Yeah, it's a great, you know, in the cybersecurity world, we end up in this challenge of like, you build a better mouse, I'll build a better mousetrap. And there's still this fundamental thing that has to happen in the internet, which means a packet has to go from one host to another. So whether you have DNS on top of it, there's still IP communications happening on the back end. So if you look at fireeyes report on the colonial pipeline hack, let's just say for something out in the news, and everybody knows about, you know, that their report has a couple of domains listed in a couple of IPS list, right? So how do you take those IPS and for your average, smaller mid sized companies say, if that IP shows up on my network, I want to be protected against it. Right. That's, that's kind of a it's a simple thing. But it's a hard thing to do. Because of our automation. We're saying like, I don't care what domain name they use, if that IP is communicated to in the next couple of weeks, it's bad, and we're going to block it. Right? all stuck.

Shiva Maharaj:

Okay.

Vince Crisler:

So the concept here is not you know, if you want to be on the cutting edge of detecting new threats, detecting sophisticated threats, breakout your pocket book and be prepared to spend, that's not the problem we're trying to solve. The problem we're trying to solve is, most of the things target. Most of the reason these ransomware attacks happen is because somebody left RDP exposed, or some credential gets compromised, and it's a known host that's communicating in, and they're just not stopping it. Right. So how do you you've got, you've got somebody brute forcing an RDP host, that brute forcing isn't prevented, it's coming from an IP that's been known to be bad for a year, but they don't have a SIEM, they don't have anything else, you know, we can stop that. We're not stopping ransomware, but we're stopping the stupid part.

Eric Taylor:

And that really brings up a great point, because, you know, there's been times times again, where we will be on a pen test or whatever. And now we'll start hammering stuff, right, you know, doing dictionary attacks, you know, the 1 million passwords, whatever. Um, and it sets off no freaking alerts on the blue pane. And I'm like, really, I'm at like 1000 logins right now. And nobody's calling me or shutting down. Nobody's running around with our hair on fire.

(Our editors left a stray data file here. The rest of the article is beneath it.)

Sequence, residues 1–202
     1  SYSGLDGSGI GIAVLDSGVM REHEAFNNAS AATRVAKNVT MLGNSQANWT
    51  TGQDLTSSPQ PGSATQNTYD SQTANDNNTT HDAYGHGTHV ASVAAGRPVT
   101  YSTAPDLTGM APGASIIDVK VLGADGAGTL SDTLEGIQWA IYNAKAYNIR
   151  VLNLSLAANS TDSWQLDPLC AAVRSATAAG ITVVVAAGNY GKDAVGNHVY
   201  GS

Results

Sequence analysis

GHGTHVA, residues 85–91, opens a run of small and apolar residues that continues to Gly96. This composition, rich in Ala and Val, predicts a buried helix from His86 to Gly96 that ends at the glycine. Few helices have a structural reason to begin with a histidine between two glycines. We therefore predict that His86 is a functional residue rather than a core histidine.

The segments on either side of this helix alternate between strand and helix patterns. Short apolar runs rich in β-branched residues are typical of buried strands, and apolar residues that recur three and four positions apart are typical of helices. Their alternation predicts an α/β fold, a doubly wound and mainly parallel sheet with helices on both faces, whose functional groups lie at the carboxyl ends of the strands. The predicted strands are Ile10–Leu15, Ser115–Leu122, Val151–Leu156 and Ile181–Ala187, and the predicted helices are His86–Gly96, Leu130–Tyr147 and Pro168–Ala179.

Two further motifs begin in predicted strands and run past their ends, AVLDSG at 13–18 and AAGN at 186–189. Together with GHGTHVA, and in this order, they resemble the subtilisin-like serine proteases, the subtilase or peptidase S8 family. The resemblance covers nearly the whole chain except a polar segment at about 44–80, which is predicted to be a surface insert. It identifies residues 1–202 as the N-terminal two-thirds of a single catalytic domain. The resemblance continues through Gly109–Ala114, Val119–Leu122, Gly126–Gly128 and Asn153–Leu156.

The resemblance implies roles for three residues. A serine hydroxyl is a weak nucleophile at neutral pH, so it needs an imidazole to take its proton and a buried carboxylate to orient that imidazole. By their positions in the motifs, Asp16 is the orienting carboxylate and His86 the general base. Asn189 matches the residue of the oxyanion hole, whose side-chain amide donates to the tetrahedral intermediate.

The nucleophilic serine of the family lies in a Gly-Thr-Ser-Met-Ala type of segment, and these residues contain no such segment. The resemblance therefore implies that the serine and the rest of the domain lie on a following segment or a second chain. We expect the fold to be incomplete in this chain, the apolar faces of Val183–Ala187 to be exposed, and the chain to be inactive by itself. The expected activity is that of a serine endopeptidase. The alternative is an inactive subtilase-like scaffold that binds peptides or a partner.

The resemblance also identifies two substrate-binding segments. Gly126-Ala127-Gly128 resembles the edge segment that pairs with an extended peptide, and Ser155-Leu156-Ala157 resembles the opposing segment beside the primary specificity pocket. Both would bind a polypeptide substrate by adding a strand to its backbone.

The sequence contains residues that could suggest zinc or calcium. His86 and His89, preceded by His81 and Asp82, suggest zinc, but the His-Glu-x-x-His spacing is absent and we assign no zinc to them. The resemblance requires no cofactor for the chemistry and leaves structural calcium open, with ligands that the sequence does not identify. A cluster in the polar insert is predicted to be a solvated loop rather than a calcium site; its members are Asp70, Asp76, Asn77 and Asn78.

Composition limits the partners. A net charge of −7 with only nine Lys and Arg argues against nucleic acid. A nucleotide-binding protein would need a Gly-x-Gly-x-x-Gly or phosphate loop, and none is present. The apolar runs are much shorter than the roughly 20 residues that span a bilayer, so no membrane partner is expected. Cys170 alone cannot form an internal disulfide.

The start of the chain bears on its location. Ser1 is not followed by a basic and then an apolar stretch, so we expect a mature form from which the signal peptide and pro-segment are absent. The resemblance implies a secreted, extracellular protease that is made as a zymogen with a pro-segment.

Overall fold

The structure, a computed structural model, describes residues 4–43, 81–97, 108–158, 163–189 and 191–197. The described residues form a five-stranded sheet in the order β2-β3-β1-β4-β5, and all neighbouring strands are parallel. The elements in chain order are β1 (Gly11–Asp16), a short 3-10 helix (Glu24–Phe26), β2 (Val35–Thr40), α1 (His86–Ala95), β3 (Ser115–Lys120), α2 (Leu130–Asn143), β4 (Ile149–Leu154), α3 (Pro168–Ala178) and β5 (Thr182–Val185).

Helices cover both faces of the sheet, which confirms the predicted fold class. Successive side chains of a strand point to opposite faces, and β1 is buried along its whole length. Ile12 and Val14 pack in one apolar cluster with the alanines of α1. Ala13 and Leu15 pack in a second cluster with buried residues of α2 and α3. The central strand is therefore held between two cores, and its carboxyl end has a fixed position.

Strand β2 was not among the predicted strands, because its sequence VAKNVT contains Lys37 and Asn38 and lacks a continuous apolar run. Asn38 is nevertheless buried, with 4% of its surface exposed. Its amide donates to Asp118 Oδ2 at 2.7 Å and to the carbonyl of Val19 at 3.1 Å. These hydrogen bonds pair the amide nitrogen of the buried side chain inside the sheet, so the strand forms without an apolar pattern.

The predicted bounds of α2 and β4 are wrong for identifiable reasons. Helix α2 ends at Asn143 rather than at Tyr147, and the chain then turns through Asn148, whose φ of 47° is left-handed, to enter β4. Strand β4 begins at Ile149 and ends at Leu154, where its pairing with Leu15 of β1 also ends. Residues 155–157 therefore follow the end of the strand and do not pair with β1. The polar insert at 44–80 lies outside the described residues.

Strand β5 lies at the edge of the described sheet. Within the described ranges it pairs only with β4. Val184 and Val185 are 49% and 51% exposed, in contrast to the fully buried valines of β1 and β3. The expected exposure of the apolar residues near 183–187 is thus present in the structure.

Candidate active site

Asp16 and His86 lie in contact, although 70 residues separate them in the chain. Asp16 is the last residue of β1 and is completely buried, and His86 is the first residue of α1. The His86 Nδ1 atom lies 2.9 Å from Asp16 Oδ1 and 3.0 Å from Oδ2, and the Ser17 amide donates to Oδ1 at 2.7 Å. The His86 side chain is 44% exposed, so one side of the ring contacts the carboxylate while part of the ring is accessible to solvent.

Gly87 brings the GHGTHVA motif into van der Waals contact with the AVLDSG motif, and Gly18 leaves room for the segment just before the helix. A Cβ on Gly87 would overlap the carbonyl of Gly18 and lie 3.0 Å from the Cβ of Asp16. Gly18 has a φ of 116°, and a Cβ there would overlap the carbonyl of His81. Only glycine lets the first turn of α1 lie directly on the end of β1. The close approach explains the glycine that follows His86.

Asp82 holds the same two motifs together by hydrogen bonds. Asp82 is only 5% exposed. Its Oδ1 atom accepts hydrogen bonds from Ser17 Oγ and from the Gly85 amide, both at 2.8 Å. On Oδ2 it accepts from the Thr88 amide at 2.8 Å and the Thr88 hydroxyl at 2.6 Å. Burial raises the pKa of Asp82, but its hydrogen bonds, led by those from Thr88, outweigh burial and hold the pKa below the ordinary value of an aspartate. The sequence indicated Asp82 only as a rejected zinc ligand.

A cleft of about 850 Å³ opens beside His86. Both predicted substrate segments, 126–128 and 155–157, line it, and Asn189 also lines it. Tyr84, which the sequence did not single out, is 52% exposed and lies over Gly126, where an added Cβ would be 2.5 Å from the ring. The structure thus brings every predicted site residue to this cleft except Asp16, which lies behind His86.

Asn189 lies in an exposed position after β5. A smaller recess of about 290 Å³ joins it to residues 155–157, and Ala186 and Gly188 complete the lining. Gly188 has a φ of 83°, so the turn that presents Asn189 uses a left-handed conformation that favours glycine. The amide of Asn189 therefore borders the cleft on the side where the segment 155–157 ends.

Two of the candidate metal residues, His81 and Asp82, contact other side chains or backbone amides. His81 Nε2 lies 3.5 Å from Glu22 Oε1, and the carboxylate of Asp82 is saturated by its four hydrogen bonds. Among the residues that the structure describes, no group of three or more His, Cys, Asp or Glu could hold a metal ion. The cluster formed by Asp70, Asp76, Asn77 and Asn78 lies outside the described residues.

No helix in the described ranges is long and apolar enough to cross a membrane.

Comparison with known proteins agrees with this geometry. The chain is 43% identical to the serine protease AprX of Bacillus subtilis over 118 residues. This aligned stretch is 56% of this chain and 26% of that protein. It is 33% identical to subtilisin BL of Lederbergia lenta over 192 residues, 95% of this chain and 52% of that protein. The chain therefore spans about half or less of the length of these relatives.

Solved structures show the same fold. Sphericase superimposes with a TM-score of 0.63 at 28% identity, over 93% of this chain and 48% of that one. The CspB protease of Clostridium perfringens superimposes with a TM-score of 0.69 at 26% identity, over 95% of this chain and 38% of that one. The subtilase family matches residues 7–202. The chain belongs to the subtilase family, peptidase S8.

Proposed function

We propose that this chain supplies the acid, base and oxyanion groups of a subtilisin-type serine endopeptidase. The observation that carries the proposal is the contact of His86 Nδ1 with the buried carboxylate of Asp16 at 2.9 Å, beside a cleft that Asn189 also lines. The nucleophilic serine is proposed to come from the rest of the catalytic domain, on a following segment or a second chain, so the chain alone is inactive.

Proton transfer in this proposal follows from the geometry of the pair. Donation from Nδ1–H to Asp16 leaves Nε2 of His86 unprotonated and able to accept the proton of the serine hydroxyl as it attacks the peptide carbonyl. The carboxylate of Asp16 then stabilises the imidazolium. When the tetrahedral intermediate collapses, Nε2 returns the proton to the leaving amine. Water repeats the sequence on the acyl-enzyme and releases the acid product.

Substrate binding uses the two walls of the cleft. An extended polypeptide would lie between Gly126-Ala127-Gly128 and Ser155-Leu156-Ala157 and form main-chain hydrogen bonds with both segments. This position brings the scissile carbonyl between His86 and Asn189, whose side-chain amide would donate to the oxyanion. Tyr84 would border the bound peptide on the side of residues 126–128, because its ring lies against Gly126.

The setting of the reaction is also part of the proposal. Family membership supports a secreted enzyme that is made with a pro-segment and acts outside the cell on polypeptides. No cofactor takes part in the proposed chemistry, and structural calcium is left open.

Shiva Maharaj:

Tell them the truth. Eric, you did it on the Manage SOC I was using against me. And they never picked it up.

Eric Taylor:

Man. Yeah, I mean, that. Like, normally when we're on these calls, you know, we're, you know, talking, you're normally in a Zoom Room or whatever, and I get bored. You know, I was actually showing the hotel staff here. The one of my great one of my greatest tools is, you know, I want to score I got ADHD, but one of my favorite tools is this because most of the time that little halfmoon plunger is not fully pushed out. And I have written just about any frickin room that you want. Yep. You know, it's just crazy. But anyway, I digress. But yeah, the the lack of logging, the lack of notification on some of the simplest damn things is incredible. Yeah, I'm like, how did you not notice this? Like there's one thing to run a Mimi cats are not a Mimi cats, but meta sploit to pop an RDP from a 2008 rT server,

Vince Crisler:

right?

Eric Taylor:

You know, that's a pretty quick attack to pop into a server, but dictionary attacks are easily able to be detected. So would you say Darkside cube, I keep seeing the

Shiva Maharaj:

dark cube not dark side. I don't think he wants that association.

Vince Crisler:

I wish I had two or $4 million of Bitcoin in my account or $5 million a Bitcoin

Shiva Maharaj:

90 it was 90 million in Bitcoin over the last Last year, not year, sorry, this year alone from 99 different payouts, just just a little bit of money.

Eric Taylor:

So dark cubed, yep is more of a, would you say more of an advanced detection module versus a prevention module,

Vince Crisler: